Great shape end to end, go ride turkey creek !! Just beautiful out there with the foliage all down there are some great views that can't be enjoyed other times of year. One very large tree partially cut through.
Post by dsquaredmsquared on Mar 14, 2013 9:48:10 GMT -5
I just received another message from the USFS and, upon clarification, it appears that the USFS burned the area south and southwest of Key Bridge earlier this week, which would include Turkey Creek Trail. This area will be opened tomorrow.
Today, the USFS will burn the area north and northeast of Key Bridge, which includes Wine Creek Trail. Wine Creek will be closed until further notice.
To recap: The Turkey Creek Trail area was burned earlier in the week and will reopen tomorrow. The Wine Creek Trail area will be burned today and remained closed until further notice. Sorry for the confusion.
So....since it rained cats and dogs all weekend, Bec and I decided to make use of Sunday walking Turkey and Wine with a chainsaw and cleaning up a few non-riders. That was the plan anyway. We parked the Prius at the far end of Wine and shuttled down to 617 and started in that way. We took out several trees down on the wet trail, and all went well until we got to the whoops, which weren't wet, they were underwater.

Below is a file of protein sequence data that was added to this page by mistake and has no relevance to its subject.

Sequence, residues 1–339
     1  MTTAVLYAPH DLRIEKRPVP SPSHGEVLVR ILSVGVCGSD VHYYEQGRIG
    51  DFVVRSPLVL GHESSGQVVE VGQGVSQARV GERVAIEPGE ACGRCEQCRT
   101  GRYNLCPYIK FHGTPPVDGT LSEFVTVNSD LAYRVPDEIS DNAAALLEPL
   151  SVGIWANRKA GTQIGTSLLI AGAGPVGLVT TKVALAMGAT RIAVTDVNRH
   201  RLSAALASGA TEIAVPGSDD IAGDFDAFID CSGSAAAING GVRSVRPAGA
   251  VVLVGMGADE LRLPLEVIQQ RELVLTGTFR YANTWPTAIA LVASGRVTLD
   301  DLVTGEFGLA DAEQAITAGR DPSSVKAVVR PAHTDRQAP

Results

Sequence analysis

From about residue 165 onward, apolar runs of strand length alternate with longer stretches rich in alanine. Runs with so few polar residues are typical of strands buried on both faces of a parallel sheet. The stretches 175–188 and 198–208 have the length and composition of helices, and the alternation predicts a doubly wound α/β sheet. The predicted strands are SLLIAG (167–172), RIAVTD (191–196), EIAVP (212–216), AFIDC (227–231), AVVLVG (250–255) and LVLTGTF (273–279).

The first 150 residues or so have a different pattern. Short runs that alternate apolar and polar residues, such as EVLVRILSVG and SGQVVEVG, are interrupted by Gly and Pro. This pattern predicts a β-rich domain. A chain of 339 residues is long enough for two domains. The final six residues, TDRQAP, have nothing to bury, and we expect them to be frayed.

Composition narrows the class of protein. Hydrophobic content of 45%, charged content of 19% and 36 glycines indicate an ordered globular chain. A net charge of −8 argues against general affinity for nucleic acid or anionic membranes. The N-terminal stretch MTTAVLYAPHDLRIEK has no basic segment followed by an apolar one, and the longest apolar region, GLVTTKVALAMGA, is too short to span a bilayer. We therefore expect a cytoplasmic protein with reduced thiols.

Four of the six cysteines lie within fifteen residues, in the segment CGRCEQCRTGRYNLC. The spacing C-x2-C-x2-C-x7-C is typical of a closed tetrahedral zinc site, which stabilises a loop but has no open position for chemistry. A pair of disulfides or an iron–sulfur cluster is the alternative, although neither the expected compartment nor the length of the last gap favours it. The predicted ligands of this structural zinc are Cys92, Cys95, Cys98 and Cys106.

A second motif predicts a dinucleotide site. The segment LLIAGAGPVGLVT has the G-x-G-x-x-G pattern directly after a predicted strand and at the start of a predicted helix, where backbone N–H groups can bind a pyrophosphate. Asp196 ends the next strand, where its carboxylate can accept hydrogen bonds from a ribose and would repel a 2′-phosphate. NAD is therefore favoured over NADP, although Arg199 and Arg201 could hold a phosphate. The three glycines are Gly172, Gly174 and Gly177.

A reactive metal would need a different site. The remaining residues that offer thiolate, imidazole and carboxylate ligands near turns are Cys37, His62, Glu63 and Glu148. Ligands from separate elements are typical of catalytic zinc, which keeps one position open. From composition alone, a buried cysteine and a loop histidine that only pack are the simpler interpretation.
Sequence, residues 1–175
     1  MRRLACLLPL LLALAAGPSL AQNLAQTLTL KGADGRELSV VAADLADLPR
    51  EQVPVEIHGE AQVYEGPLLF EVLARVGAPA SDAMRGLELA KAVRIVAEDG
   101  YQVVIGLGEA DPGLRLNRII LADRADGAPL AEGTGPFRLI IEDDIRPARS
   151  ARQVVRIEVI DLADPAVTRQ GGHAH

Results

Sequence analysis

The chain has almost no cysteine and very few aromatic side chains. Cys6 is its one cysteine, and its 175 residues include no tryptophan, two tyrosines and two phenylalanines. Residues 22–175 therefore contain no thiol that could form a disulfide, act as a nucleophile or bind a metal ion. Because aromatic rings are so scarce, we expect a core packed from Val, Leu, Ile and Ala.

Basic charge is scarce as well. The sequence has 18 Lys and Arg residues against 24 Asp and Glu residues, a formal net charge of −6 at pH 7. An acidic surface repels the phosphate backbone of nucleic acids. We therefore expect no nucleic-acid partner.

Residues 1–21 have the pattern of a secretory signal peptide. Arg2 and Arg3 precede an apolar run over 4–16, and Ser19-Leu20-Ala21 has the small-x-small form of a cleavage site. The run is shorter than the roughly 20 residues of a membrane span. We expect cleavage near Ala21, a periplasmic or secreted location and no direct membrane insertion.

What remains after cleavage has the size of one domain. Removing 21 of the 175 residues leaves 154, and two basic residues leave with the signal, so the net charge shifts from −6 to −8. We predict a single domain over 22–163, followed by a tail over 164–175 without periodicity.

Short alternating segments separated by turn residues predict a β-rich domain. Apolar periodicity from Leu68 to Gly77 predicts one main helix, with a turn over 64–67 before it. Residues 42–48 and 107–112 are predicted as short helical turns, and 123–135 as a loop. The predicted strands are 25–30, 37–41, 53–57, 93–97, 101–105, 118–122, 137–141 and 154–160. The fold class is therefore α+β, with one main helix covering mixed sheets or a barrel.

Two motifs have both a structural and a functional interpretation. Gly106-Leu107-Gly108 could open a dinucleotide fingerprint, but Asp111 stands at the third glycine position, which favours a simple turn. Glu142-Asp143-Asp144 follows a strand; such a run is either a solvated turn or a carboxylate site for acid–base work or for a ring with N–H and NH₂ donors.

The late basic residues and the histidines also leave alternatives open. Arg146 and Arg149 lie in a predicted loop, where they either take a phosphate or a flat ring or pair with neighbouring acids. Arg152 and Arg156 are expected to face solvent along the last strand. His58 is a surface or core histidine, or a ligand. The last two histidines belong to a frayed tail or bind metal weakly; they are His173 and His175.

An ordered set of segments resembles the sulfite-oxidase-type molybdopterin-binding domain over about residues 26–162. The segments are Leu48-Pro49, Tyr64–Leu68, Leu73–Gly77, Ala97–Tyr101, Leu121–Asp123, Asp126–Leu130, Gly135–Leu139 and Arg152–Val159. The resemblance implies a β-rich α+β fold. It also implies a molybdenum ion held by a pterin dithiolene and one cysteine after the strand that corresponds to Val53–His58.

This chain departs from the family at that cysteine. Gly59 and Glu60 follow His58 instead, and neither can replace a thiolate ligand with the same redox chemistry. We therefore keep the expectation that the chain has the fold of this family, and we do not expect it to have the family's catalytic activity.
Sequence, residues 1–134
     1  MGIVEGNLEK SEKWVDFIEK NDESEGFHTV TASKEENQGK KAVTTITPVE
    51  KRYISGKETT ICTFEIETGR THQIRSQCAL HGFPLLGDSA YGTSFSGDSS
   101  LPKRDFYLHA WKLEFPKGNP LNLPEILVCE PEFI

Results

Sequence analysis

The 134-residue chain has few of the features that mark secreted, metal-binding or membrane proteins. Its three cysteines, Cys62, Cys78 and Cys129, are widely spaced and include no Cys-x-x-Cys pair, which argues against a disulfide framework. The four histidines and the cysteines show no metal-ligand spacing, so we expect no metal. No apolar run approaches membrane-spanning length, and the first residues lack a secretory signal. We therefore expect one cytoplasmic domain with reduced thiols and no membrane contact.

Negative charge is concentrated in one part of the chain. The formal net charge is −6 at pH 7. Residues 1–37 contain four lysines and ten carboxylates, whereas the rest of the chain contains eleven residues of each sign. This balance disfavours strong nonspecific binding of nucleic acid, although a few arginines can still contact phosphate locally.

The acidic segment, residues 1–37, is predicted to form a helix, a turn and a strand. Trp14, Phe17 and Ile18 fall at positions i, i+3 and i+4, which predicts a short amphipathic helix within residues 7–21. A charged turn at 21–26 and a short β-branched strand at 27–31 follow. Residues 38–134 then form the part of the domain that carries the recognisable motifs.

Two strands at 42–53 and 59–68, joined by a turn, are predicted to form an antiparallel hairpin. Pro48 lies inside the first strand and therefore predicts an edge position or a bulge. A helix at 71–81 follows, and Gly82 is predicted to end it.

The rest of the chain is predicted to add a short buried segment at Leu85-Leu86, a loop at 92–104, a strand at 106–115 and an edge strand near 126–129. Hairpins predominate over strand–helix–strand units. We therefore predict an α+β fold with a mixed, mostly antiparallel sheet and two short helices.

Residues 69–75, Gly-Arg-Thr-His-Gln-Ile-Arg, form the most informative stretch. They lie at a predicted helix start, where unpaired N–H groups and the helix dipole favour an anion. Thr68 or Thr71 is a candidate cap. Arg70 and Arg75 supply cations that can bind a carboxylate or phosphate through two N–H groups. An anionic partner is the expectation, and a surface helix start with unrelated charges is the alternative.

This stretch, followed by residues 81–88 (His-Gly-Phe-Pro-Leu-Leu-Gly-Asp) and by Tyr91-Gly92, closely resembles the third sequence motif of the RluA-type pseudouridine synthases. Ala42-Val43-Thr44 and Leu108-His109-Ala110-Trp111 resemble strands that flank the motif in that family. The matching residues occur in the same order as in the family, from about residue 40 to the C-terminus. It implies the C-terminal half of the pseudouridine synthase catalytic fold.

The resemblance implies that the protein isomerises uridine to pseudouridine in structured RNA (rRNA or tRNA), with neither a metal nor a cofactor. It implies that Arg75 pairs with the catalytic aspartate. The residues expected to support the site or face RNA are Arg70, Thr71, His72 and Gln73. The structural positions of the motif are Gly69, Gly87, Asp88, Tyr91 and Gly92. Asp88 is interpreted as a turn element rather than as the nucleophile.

Much bushwhacking later were were back on the trail again, but the second bridge in from Key (the long, bouncy one) was also underwater, way underwater. The rail was about a foot above the surface. A huge detour took us around that, which in a way was worth it because we saw something I've heard about but never seen.
As we where walking up the, er, stream we were trying to cross, this armadillo runs into the stream from the left bank, disappears under the water, and we could see this line of bubbles go across the stream. Seconds later the guy crawls out of the water on the right bank and hops off into the woods. Turns out armadillos don't swim across streams, they submerge completely and run across the bottom. This raises the question, can armadillos float at all? If not, what are they full of?